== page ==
This is most noticeable within confectionery. Malcolm McIntyre, UK communications consultant for Palatinit, claims that the past three years have seen a 36 per cent UK growth in confectionery that have exchanged sugar for bulk sweeteners.
This of course fits into the growing trend towards products that are considered to be 'healthier'. According to market analyst Mintel, just over 34 per cent of UK consumers are now avoiding sugar, while in France and Germany, the figures are 40 per cent and 37 per cent respectively.
The sugar-free confectionery revolution has been most consolidated in the chewing gum sector. Germany-based Palatinit, which produces a number of sugar-free ingredients such as isomalt, claims that the majority of chewing gum sold worldwide today is sugar-free, with Spain having a 100 per cent market share.
Elsewhere, sugar-free gum occupies 99 per cent of the market in Poland, 95 per cent in Russia and 92 per cent in the UK.
In France where sugar-free has a market share of 88 per cent - traditional sugar chewing gum consumption was down 16 per cent against a 13 per cent rise in sales of the sugar-free alternatives.
These sweeteners have now diversified into soft drinks, beverages, baking and even ice cream. According to McIntyre, taste tests conducted by Palatinit across four countries - including the UK gave sugar-free products the thumbs up.
Other companies are also busy launching sugar-free ingredients. Tate & Lyle for example has developed a new sweetener solution for dairy desserts, which it claims allows manufacturers to cut around a third of calories and half of total sugars from their product formulations.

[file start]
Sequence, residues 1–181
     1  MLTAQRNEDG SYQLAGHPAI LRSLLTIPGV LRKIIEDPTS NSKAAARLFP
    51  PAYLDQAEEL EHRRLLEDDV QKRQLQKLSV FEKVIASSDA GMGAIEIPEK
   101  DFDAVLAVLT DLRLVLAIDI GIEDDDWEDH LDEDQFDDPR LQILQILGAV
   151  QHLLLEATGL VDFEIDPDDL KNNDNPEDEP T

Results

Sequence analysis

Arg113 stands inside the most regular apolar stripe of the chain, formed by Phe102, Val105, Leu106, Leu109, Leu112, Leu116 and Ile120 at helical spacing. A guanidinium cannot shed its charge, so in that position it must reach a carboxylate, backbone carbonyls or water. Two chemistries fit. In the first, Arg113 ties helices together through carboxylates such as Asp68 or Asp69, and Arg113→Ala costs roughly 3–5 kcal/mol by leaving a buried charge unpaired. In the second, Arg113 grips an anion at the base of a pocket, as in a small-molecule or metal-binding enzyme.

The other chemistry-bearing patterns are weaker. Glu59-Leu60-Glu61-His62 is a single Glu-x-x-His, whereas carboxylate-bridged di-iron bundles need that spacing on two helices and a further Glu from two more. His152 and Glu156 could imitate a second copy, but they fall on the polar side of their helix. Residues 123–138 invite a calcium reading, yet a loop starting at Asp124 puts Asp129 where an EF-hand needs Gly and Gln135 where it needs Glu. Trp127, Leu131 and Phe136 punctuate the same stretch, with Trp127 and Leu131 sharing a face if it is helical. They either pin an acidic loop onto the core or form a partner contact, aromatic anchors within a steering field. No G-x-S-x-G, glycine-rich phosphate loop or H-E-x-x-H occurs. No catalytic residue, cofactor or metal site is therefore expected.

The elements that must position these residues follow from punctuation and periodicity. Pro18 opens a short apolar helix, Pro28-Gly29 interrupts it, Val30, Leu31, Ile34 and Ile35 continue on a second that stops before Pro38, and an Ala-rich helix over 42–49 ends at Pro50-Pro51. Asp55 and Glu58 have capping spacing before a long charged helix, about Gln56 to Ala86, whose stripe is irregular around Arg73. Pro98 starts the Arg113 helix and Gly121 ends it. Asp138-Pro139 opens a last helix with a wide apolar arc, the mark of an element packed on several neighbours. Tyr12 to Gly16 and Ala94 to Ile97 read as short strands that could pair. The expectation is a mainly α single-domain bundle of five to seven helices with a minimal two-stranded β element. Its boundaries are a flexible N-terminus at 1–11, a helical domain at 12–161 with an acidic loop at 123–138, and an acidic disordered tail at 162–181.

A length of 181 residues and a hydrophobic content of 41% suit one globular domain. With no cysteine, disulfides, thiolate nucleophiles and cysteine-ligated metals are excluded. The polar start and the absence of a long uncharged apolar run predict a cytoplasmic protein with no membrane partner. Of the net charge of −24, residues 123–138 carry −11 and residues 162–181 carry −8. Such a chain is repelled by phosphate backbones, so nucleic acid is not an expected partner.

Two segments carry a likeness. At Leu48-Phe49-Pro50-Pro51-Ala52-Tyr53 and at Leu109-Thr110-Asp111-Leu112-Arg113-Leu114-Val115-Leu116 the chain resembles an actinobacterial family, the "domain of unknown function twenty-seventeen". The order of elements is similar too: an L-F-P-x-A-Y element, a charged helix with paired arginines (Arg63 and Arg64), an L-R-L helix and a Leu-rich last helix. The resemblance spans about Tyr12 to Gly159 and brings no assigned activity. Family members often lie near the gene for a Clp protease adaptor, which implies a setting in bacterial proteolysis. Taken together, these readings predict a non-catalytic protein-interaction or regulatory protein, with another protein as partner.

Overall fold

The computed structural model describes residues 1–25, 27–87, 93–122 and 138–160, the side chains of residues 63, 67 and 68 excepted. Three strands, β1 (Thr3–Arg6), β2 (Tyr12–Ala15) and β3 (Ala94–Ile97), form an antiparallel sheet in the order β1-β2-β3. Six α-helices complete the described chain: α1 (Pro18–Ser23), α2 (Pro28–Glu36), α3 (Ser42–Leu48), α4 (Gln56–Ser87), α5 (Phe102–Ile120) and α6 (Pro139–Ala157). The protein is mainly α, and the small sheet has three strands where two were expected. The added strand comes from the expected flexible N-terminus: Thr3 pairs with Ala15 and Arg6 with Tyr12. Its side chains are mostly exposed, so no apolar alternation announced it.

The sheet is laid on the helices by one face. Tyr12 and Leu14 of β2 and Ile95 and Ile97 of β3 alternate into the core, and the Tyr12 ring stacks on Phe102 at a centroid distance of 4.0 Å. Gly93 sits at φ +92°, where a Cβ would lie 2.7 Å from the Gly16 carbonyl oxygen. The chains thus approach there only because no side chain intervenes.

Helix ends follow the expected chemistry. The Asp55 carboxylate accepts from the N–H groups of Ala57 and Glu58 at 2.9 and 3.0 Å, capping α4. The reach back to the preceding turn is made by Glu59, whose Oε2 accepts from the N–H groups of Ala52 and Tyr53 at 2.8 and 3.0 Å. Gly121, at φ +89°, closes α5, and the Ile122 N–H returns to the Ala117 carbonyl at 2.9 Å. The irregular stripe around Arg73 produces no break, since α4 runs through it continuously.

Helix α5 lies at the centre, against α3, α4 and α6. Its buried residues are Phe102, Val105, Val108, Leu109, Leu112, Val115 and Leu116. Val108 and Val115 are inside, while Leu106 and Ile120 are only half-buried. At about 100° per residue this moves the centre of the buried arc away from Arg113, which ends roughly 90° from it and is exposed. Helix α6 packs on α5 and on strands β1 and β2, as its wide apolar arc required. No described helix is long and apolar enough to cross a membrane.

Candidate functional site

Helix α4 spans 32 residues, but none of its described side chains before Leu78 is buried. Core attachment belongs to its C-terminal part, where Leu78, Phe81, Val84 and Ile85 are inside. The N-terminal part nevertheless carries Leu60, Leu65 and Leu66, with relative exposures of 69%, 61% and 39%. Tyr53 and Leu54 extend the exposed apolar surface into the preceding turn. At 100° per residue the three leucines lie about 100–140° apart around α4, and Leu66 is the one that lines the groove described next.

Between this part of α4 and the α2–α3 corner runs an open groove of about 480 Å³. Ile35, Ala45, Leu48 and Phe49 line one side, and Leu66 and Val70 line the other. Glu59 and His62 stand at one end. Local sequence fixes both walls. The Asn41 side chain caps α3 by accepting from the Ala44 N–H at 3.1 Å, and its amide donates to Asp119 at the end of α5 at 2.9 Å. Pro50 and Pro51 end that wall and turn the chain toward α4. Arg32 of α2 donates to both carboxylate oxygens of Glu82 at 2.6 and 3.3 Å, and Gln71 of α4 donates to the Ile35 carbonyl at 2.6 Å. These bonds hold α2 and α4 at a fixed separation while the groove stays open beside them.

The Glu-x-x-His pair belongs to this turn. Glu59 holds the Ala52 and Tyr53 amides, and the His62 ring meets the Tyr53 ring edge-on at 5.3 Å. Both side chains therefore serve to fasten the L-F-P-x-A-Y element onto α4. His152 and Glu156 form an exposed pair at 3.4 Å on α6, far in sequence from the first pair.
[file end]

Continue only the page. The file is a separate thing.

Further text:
Developed by the group's European research team, Dairy Dessert Rebalance is designed for use in a range of milk-based desserts with neutral pH. In addition, Cargill Sweetness Solutions, which markets erythritol under the brand C Eridex, believes that Europe could be the next big market.
The EC Council of Health Ministers only finalised the legislative process last month to approve the use of erythritol in foods, under the same conditions as other polyols, and the group expects erythritol to grow substantially in the coming years.
Indeed, it is increasingly clear that major food and beverage companies have to adapt to this change in consumer preference. The recent announcement of a sharp fall in profits of soft-drinks firm Britvic was explained for example by an acceleration of the consumer trend towards health and well-being and a decline in the full sugar carbonate market.
And this move towards sugar-free is not restricted to Western Europe and the US. China is seen by many as the upcoming market for sugar-free products, with a growth rate of sugar-free gum in 2005 of 146 per cent over the previous year.
McIntyre said that there was also impressive sales potential in new markets such as Poland, Russia, Turkey, Greece and South America.
Western firms are therefore taking an increasing interest in sectors where demand far outstrips supply.
Sugar alternatives are different to intense, or table-top sweeteners. While tabletop sweeteners are designed to sweeten, say tea or coffee, sugar alternatives are designed to replace the bulk of sugar.
The level of sweetness is therefore determined by the manufacturer.